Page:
Centuries before the terms Native American or Indian were created, the tribes were spread throughout the Americas. Before any white man set foot on this land, it was settled by the forefathers of bands we now call Sioux, or Cherokee, or Iroquois.
For centuries, the American Indian developed its traditions and heritage without interference. And that history is fascinating.
From Mayan and Incan ruins, from the mounds left in the central and southern parts of what’s now the U.S. we have learned quite a bit. It’s a narrative of beautiful arts and crafts and deep spirituality. Archaeologists have unearthed remarkably elaborate structures and public works.
While there was unavoidable tribal conflict, that was nothing more than a slight blemish in the account of our forebears. They were at peace with this beautiful continent and intensely connected to nature.
The European Settler Arrives
When European leaders dispatched the first ships in our direction, the goal was to explore new resources – however the quality of climate and the bounty of everything from wood to wildlife subsequently changed their tune. As those leaders learned from their explorers, the drive to colonize spread like wildfire.
The English, French and Spanish raced to carve up the “New World” by shipping over poorly prepared colonists as fast as they could. At the outset, they skirmished with the surprised Indians of America’s eastern seaboard. But that shortly gave way to trade, because the Europeans who landed here knew that their survival was doubtful without native help.
Thus followed decades of comparative peace as the settlers got themselves established on American soil. But the drive to push inland followed soon after. Kings and queens from thousands of miles away were impatient to locate even more resources, and some colonists came for freedom and opportunity.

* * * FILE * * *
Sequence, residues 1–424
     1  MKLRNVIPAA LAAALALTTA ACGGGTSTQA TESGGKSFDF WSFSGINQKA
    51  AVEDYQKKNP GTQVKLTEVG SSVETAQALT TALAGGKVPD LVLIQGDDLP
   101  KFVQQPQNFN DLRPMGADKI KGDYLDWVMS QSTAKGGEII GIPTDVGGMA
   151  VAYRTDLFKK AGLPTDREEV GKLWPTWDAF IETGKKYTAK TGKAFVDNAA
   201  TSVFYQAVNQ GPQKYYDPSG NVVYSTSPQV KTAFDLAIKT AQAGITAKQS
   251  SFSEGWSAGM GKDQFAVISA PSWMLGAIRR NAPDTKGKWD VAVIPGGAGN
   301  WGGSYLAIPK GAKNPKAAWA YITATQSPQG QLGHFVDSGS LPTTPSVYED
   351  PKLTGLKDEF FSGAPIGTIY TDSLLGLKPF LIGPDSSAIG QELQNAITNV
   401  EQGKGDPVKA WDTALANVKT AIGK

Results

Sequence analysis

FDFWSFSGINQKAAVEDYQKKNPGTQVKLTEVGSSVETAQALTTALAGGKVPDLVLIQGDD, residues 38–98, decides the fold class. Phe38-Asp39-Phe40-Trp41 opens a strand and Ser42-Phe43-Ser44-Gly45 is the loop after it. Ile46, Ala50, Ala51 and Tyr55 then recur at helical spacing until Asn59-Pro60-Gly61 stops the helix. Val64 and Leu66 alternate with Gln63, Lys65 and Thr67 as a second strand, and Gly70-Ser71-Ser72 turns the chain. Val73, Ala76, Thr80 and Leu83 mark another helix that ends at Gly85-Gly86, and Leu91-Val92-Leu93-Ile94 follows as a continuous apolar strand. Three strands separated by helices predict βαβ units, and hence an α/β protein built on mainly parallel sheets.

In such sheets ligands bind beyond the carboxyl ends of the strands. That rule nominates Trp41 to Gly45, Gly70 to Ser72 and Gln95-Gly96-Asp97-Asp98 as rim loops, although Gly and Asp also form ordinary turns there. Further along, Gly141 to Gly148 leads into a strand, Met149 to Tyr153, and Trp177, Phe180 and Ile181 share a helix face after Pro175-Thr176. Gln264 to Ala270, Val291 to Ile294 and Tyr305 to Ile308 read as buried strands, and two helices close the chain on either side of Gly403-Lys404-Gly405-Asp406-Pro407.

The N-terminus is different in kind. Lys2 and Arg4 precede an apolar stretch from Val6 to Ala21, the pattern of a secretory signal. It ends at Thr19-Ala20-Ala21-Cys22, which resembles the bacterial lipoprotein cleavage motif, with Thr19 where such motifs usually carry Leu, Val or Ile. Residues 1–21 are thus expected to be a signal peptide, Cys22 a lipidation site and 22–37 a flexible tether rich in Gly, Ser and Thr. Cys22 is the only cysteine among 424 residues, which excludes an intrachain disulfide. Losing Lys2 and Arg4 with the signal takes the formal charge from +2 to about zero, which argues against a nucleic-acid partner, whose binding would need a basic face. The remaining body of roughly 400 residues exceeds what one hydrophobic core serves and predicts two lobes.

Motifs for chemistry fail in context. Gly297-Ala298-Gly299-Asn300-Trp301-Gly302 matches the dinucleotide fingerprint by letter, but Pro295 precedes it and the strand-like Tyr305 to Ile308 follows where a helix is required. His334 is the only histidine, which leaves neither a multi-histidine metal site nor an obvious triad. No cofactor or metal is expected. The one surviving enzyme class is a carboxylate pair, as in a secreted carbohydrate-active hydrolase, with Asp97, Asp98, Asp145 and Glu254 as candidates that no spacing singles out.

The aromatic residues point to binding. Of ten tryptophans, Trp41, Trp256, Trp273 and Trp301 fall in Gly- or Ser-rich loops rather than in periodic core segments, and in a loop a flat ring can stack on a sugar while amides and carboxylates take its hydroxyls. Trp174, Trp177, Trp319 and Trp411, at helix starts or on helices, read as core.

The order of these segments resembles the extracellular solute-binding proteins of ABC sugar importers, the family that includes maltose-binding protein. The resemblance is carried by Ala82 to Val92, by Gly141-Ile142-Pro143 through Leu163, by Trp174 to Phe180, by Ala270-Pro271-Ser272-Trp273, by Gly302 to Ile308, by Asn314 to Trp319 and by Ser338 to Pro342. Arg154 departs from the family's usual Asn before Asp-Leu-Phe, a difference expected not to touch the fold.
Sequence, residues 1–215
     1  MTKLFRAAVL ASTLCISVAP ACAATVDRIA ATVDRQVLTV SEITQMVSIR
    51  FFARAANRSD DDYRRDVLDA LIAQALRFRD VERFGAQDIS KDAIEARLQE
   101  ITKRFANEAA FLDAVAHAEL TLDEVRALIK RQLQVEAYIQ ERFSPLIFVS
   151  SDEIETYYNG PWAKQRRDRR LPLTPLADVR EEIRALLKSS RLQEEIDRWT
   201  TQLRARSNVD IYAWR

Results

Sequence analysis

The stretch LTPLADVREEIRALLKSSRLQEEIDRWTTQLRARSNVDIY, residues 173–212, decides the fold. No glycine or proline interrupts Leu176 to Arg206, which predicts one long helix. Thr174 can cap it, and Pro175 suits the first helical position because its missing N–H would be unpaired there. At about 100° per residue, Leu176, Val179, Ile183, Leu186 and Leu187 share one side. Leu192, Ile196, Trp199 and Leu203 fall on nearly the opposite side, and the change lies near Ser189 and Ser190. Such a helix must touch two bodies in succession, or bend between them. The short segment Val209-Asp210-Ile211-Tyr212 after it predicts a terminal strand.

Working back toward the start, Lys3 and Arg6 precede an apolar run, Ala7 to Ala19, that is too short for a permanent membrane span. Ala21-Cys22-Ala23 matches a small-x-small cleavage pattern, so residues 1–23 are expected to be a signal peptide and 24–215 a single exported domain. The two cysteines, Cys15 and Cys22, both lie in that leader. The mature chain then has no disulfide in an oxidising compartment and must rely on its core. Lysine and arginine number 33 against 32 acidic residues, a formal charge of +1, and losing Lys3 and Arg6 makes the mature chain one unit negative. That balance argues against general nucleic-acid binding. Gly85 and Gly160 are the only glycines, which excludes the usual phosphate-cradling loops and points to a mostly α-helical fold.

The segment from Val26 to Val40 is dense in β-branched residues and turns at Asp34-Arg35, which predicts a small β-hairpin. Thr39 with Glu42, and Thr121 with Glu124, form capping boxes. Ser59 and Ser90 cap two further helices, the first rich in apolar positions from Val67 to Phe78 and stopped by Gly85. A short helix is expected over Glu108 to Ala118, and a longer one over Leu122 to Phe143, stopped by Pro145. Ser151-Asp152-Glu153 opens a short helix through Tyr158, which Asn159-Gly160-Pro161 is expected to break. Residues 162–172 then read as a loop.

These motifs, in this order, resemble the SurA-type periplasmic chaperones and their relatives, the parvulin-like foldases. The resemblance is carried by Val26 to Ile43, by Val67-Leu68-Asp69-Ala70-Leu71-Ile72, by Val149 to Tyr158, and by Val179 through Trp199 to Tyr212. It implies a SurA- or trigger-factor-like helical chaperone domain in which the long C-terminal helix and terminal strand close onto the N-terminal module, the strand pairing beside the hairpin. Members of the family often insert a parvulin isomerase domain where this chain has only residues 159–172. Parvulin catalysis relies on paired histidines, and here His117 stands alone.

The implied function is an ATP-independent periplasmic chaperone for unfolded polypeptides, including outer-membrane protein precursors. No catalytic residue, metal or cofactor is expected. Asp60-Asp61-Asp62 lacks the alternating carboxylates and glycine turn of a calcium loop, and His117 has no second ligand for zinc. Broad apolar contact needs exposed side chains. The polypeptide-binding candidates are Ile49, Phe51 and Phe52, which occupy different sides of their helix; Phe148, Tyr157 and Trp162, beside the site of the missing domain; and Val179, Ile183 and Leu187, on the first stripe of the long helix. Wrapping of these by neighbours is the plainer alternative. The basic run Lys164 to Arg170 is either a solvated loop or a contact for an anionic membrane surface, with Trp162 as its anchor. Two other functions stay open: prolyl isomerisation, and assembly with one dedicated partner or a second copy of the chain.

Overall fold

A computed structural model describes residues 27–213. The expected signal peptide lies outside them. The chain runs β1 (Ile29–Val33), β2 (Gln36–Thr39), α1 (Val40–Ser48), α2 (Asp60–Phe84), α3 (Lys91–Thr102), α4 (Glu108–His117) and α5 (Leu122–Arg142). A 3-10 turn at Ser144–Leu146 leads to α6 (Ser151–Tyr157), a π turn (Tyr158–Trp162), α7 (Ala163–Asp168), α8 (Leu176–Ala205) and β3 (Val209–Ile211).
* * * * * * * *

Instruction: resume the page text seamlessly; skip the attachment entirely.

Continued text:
They wanted more space. And so began the process of driving the American Indian out of the way.
It took the form of cash arrangements, barter, and notoriously, treaties that were nearly uniformly ignored once the Indians were moved off the land in question.
The U.S. government’s policies towards Native Americans in the second half of the nineteenth century were determined by the desire to expand westward into areas occupied by these Native American tribes. By the 1850s almost all Native American tribes, roughly 360,000 in number, were living to the west of the Mississippi River. These American Indians, some from the Northwestern and Southeastern territories, were confined to Indian Territory located in present day Oklahoma, while the Kiowa and Comanche Native American tribes shared the land of the Southern Plains.
The Sioux, Crows and Blackfeet dominated the Northern Plains. These Native American groups met adversity as the continuous flow of European immigrants into northeastern American cities pushed a stream of immigrants into the western lands already inhabited by these diverse groups of Indians.
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The early nineteenth century of the United States was marked by its steady expansion to the Mississippi River. However, due to the Gadsden purchase, that lead to U.S. control of the borderlands of southern New Mexico and Arizona along with the authority over Oregon country, Texas and California; America’s expansion wouldn’t end there. Between 1830 and 1860 the U.S. pretty much doubled the amount of territory under its control.
These territorial gains coincided with the arrival of troves of European and Asian immigrants who wished to join the surge of American settlers heading west. This, combined with the discovery of gold in 1849, presented captivating possibilities for those willing to make the long trip westward. Consequently, with the military’s protection and the U.S. government’s assistance, many settlers started building their homesteads in the Great Plains and other areas of the Native American group-inhabited West.